I have heard a man getting a call to preach the gospel when the Lord said to leave your parents when you go out to preach but there's nothing in God's word about leavin him in the road rage after heaven drag him across the country. Not for a call which has no meaning to anybody and benefits nothing. Yeah. Please don't get so excited. What's the matter with you. You don't have to tell you that Paul. A man doesn't have to tell another man what there is in moving on. Maybe now you don't want me to go. You don't want to recognize it to be a which I recognize each day. I can see it clearly. I recognize your duty to your wife and kids and do you more than me. No I ain't too proud to tell you that I need you with me now to tell you that I think you ought to stay. You're educated. You're not a tramp to be marching through the woods all your life. And if you go you're go without my blessing.
You know I worked his land and harvested his crops for four more autumn's after that. But he was like a thing possessed restless unable to keep his eyes from running out over the tall trees. And more and more you'd see him standing high on the hill back of his house looking out over the road at the wagons used going west. Sometimes he'd stand there for near half a day. And then late one afternoon he came back to his house and his face was strained awfully strained as if he'd been fighting with himself. His wife she came up to him and suddenly he enveloped her in his huge arms and held her so tight she almost wanted to cry out. Held her as if he needed her. Suddenly he let her go and looked around and left the house. And she knew where he was going. It's going to hurt me. It's going to drive me crazy but I have no choice no choice at all.
I'm moving on. I know you can't come with me but I'm moving on and I don't want to go without at least your forgiveness. You ask is to forgive an act you haven't done. Know when you're going to do it. Yes I'm asking all right now usually even you with a case in your head. You're going anyway son. Yes mom. Why. I don't know why exactly. You tell me you born me you born a baby boy and you grew up to be a man and I don't know any more than you do. Except there's a call. And there's a road. In April of 1850 for 18 years after he'd arrived in Alabama Eli's wagons began rolling toward Texas with his family and his slaves. And on the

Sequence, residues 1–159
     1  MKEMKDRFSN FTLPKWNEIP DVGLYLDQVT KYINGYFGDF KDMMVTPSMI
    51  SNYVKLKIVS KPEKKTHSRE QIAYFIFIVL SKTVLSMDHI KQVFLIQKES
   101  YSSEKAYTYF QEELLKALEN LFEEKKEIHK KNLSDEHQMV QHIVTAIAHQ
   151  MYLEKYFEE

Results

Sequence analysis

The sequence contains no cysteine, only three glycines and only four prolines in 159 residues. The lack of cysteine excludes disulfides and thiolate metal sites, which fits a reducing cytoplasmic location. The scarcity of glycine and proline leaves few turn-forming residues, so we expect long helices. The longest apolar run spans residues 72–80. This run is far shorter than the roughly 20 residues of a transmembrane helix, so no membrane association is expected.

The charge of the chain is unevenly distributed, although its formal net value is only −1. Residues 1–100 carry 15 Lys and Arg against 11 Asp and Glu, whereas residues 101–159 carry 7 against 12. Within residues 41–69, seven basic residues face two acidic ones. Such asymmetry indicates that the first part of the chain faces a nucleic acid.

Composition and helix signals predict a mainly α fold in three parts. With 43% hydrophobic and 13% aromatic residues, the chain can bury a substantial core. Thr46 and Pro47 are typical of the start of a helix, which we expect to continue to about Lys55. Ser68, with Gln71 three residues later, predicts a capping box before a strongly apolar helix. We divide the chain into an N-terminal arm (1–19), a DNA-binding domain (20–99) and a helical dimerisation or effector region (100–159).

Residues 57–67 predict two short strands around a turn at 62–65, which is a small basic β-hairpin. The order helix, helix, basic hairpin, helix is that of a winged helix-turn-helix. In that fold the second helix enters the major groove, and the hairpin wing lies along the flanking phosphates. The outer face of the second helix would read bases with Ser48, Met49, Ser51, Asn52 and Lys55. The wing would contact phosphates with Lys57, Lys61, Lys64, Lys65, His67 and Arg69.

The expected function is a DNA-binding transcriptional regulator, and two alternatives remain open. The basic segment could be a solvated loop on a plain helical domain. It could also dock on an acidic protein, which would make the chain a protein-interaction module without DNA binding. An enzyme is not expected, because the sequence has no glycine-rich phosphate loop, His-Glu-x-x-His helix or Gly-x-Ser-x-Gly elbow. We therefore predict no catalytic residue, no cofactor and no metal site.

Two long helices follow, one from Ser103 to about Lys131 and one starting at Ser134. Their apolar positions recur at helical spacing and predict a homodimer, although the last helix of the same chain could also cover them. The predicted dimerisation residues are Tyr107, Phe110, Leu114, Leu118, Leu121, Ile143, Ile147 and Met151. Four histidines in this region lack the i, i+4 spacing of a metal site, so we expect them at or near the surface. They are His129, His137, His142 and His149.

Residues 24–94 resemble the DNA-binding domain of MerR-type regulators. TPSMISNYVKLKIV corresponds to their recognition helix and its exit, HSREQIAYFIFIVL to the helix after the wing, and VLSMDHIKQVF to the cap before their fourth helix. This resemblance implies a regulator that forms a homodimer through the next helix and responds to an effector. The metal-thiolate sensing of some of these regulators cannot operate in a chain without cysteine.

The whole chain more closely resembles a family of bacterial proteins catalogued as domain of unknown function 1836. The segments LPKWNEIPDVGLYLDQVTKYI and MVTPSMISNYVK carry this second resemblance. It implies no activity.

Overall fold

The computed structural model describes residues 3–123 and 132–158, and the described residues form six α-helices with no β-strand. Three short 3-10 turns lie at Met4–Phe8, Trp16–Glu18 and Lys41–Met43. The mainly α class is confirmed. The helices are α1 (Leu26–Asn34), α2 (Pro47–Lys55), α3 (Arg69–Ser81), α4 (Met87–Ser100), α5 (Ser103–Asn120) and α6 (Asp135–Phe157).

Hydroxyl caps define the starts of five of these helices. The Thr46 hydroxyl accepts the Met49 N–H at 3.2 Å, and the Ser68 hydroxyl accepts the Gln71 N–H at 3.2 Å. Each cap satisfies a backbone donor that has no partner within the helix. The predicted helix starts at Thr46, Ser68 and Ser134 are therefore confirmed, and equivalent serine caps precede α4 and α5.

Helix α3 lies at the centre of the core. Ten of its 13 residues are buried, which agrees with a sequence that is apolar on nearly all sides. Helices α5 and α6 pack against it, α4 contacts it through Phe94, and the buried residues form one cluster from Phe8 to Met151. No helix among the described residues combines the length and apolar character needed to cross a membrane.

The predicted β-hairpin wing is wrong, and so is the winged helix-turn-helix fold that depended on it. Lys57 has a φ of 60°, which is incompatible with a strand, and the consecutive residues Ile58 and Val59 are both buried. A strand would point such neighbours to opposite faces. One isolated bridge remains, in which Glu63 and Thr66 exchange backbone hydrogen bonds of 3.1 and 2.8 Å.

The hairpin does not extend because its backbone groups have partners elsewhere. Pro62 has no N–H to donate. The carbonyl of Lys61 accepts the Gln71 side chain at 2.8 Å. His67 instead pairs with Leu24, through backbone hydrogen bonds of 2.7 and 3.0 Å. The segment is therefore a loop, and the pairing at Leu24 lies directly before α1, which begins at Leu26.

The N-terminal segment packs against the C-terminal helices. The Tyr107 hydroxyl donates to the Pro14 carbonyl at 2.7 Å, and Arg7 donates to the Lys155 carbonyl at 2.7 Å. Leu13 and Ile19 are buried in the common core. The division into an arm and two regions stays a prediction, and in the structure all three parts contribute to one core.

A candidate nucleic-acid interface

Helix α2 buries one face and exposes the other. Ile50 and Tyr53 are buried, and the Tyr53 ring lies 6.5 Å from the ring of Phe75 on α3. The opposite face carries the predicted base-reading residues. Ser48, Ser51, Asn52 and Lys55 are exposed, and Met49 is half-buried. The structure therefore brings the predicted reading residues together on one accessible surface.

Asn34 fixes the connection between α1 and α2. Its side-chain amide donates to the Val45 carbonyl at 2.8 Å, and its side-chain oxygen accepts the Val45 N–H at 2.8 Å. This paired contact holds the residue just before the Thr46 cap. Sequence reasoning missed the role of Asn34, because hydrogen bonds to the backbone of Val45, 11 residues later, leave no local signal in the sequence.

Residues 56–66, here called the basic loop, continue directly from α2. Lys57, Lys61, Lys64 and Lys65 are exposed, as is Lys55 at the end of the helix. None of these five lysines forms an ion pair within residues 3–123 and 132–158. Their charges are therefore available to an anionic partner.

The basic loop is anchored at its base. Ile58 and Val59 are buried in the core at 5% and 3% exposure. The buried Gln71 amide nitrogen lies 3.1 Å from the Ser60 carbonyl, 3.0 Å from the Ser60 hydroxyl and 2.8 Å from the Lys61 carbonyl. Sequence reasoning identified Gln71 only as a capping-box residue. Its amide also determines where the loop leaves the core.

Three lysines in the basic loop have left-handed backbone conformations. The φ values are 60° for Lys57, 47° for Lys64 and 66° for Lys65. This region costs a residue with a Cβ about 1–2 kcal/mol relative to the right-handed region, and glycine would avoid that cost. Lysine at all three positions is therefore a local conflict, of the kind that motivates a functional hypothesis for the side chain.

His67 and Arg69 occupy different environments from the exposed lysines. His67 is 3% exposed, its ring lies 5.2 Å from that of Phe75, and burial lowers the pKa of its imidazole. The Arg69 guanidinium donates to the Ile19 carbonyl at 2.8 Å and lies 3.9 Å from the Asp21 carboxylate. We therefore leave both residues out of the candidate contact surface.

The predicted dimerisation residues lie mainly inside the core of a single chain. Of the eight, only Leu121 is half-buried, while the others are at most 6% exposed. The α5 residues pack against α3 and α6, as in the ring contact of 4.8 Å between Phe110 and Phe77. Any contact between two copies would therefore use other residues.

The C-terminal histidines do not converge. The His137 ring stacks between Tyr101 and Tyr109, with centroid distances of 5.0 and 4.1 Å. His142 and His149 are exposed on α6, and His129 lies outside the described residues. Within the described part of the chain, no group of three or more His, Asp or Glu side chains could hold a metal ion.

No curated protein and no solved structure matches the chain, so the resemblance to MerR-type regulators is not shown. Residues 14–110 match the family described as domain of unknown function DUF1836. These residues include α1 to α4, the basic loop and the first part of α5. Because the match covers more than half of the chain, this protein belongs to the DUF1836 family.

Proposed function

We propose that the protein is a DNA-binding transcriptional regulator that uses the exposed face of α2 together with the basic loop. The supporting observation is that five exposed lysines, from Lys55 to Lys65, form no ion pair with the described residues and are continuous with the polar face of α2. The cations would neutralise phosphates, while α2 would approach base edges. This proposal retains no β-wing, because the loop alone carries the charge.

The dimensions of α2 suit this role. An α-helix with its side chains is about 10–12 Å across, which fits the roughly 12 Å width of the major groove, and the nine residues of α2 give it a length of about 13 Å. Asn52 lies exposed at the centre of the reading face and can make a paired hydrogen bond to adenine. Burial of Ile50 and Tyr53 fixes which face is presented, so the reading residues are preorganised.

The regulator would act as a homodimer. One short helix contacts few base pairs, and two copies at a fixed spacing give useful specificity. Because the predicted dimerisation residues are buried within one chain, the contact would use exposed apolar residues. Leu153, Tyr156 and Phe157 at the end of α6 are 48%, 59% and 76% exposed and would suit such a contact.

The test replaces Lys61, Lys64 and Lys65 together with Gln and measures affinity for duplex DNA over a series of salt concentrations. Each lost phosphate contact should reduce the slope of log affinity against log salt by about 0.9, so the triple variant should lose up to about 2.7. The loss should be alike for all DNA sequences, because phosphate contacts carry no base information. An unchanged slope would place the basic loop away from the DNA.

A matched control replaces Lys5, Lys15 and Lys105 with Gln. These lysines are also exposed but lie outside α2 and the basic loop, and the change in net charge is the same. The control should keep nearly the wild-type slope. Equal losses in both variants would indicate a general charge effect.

15th of April from camp of ill Alabama he wrote a letter to his parents which has been preserved to our day. This day. I'm 58 years old and for 58 years of my kind and affectionate parents nourished strengthened and advised me in every good thing and that at last I should have peen them by my gratitude and leaving them in their own. Soul. It almost breaks my heart but I had a dear father and mother. I'm not ungrateful. For all the kindness to me. Tears of gratitude can now flow in unrestrained silence and there's none to criticize my sincerity or to impugn my motives. I often think how can I do without my father and mother. I can't. I cannot do without them. Yet something within me whispers onward. On. And urges me on like a prisoner who has been fifty eight years
and idled in his Lord's vineyard and has lived on his bounty and has made no return for the favors he has received. Abraham's cases often applied to me as I travel along the wearisome road. And often does the desire arise in my heart to know what the Lord intends to do with me. It is now eleven o'clock at night. Family have retired long since. And there's nothing to break the silence of the night of the week rushing in. Trees in the rain entering upon them. Give my kindest regards to all my friends and relatives. You buy each. American Adventure is written by Johnny Lee directed by John Clayton produced by the communication center of the University of North Carolina American Adventure is a
study of mine in the New World. His values and his characteristics are who he is what he believes. The series is made possible by the National Association of educational broadcasters and the fund for adult education and independent agency established by the Ford Foundation. Letters and journals of the Allied family have been edited by Fletcher Greene in a small book published by the University of South Carolina Press. Dr. Green's book is entitled The lines go south and west and the pioneer called Charles Kuralt was Eli Jonny Lee the father Fred O'Neal the sister and Josephine shock of the mother. Carl Kasell speaking American Adventure is produced and recorded by the University of North Carolina on the campus at Chapel Hill. This is the n AB network.
American adventure
Pioneer call
Producing Organization
University of North Carolina
Contributing Organization
University of Maryland (College Park, Maryland)
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Episode Description
A study of the challenge of new frontiers. The story of a son who never can be satisfied.
Series Description
This series studies the values and characteristics of notable figures from America's early years. It is written by John M. Ehle and directed by John S. Clayton.
Broadcast Date
Social Issues
Family life--United States
Media type
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Actor: Kuralt, Charles, 1934-1997
Actor: Sharkey, Josephine
Actor: Ehle, Gail
Advisor: Green, Fletcher Melvin, 1895-1978
Director: Clayton, John S.
Host: Kasell, Carl.
Producing Organization: University of North Carolina
Writer: Ehle, John, 1925-
AAPB Contributor Holdings
University of Maryland
Identifier: 54-12-9 (National Association of Educational Broadcasters)
Format: 1/4 inch audio tape
Duration: 00:29:14
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Chicago: “American adventure; Pioneer call,” 1954-01-01, University of Maryland, American Archive of Public Broadcasting (GBH and the Library of Congress), Boston, MA and Washington, DC, accessed June 21, 2024,
MLA: “American adventure; Pioneer call.” 1954-01-01. University of Maryland, American Archive of Public Broadcasting (GBH and the Library of Congress), Boston, MA and Washington, DC. Web. June 21, 2024. <>.
APA: American adventure; Pioneer call. Boston, MA: University of Maryland, American Archive of Public Broadcasting (GBH and the Library of Congress), Boston, MA and Washington, DC. Retrieved from